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Playing with Joy

The fruit of the Spirit is . . . joy. Galatians 5:22

One of our sons, Brian, is a high school basketball coach. One year, as his team was dribbling its way through the Washington State Basketball Tournament, well-meaning folks around town asked, “Are you going to win it all this year?” Both players and coaches felt the pressure, so Brian adopted a motto: “Play with joy!”

I thought of the apostle Paul’s last words to the elders of Ephesus: “That I may finish my race with joy” (Acts 20:24 nkjv). His aim was to complete the tasks Jesus had given him. I have made these words my motto and my prayer: “May I run and finish my race with joy.” Or as Brian says, “May I play with joy!” And by the way, Brian’s team did win the state championship that year.

We all have good reasons to get grouchy: discouraging news, everyday stresses, health problems. Nevertheless, God can give us a joy that transcends these conditions if we ask Him. We can have what Jesus called, “my joy” (John 15:11).

Joy is a fruit of the Spirit of Jesus (Galatians 5:22). So we must remember each morning to ask Him to help us: “May I play with joy!” Author Richard Foster said, “To pray is to change. This is a great grace. How good of God to provide a path whereby our lives can be taken over by . . . joy.”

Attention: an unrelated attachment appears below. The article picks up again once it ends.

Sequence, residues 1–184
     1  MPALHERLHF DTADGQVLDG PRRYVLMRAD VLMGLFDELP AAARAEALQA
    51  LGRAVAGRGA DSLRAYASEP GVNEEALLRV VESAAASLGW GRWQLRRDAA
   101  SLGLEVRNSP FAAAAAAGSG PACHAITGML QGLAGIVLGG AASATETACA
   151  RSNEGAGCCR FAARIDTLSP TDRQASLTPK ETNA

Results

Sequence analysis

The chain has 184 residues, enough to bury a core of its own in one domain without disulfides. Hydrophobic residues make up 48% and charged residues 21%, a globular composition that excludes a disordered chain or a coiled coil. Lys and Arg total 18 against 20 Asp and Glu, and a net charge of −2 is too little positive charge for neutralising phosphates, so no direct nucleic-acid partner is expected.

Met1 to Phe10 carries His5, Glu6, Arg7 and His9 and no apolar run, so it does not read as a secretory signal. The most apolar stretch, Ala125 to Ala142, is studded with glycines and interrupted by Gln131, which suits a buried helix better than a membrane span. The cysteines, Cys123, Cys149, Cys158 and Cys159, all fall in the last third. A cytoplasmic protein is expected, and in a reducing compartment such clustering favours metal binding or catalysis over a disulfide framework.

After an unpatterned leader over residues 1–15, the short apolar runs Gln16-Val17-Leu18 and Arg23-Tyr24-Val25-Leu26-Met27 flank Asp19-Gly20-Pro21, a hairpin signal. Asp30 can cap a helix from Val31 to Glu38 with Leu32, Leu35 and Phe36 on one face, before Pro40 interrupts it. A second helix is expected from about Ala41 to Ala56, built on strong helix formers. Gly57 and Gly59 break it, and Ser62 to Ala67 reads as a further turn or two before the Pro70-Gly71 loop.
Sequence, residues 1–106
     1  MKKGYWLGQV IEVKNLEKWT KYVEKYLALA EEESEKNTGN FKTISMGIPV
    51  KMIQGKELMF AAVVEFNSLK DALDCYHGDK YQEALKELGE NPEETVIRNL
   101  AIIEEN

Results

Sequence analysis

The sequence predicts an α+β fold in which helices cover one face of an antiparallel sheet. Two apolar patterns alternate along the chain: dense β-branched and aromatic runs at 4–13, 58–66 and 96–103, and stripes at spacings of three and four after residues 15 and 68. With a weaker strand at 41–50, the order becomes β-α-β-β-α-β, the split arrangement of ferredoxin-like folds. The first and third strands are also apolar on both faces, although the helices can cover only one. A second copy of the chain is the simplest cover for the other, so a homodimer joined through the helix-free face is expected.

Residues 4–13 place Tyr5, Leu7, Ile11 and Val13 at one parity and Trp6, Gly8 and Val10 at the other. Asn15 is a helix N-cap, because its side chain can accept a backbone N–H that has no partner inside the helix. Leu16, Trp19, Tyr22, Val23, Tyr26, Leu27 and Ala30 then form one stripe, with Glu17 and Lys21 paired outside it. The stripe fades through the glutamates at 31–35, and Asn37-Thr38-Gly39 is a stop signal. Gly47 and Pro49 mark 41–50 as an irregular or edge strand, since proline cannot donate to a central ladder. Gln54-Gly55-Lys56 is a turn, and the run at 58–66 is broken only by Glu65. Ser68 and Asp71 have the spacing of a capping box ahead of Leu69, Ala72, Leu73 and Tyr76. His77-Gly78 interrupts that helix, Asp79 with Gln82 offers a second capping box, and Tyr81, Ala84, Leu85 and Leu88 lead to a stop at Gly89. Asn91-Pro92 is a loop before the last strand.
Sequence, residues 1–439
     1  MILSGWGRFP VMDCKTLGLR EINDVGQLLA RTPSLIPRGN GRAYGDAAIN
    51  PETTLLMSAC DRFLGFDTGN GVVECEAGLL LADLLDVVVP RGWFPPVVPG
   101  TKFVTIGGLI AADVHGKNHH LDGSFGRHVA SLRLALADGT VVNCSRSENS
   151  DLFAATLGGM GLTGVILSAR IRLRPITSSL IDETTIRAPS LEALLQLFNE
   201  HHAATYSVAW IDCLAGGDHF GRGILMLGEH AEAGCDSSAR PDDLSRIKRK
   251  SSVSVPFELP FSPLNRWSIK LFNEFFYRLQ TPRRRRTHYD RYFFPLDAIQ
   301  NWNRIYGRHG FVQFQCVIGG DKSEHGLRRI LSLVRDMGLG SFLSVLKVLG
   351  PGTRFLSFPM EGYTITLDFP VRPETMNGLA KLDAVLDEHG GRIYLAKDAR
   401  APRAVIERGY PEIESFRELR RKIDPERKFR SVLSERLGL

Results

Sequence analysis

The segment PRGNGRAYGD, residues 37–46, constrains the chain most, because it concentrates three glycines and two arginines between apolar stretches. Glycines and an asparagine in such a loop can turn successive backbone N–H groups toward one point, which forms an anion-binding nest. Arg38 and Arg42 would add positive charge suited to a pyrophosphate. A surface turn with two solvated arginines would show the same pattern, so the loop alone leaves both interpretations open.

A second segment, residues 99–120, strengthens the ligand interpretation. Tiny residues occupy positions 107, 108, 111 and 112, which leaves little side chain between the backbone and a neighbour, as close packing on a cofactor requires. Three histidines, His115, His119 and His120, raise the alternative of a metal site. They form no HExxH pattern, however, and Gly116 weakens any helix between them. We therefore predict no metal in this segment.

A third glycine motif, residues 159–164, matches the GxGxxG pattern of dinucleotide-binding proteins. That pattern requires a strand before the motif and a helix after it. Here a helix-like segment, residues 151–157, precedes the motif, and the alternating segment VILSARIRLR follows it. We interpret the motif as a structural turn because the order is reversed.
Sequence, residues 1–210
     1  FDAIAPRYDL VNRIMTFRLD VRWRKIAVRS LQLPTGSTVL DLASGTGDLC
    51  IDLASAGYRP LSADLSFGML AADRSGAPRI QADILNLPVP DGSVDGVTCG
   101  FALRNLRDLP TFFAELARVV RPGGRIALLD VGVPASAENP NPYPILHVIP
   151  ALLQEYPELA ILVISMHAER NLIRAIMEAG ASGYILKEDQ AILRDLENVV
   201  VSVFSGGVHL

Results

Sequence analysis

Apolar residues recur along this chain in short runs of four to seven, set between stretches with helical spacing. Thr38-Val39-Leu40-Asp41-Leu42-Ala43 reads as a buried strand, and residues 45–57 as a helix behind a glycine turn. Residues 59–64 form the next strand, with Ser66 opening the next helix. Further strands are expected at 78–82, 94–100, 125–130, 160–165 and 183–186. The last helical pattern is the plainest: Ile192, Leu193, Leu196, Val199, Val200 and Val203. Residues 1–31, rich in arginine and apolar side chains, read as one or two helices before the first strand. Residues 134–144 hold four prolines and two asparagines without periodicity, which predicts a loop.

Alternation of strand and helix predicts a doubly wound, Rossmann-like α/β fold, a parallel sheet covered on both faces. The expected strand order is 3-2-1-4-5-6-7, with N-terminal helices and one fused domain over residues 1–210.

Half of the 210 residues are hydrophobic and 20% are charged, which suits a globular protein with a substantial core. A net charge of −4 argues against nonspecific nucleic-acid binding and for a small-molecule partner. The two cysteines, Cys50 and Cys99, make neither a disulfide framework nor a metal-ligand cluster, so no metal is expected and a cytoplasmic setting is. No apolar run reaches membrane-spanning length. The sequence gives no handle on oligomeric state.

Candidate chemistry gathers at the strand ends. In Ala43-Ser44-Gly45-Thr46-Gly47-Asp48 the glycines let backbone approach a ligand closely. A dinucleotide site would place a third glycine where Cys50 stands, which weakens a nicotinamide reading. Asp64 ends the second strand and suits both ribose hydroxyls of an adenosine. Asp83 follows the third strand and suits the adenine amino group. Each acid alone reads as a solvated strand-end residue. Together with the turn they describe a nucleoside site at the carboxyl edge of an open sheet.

What causes you to be discouraged? Where do you find your joy?

I turn my eyes to You, God. I’m grateful I can count on Your faithfulness to me. Please bring me into Your joy.


When we’re reading the Scriptures, it’s important to identify whether the author is imparting information about what God has already done or is giving direction for what we are to do. In Galatians 5:22–23, the apostle Paul lists the fruit of the Spirit, which is the result of the Spirit’s work in our lives, not our work. However, in verses 25–26 he tells us to “keep in step with the Spirit.” The Greek word for “keep in step” or “walk” (nkjv) means “to march in military rank; to conform to virtue and piety; to walk orderly.” Pictured here is spiritual growth that comes from teamwork. The fruit that grows is the responsibility of the Spirit, but it’s our job to see where the Spirit is working in our lives and to “keep in step” with Him. We’re participants in our spiritual growth, but not solely responsible for it.

J.R. Hudberg

By |2019-06-20T12:08:17-04:00June 24th, 2019|
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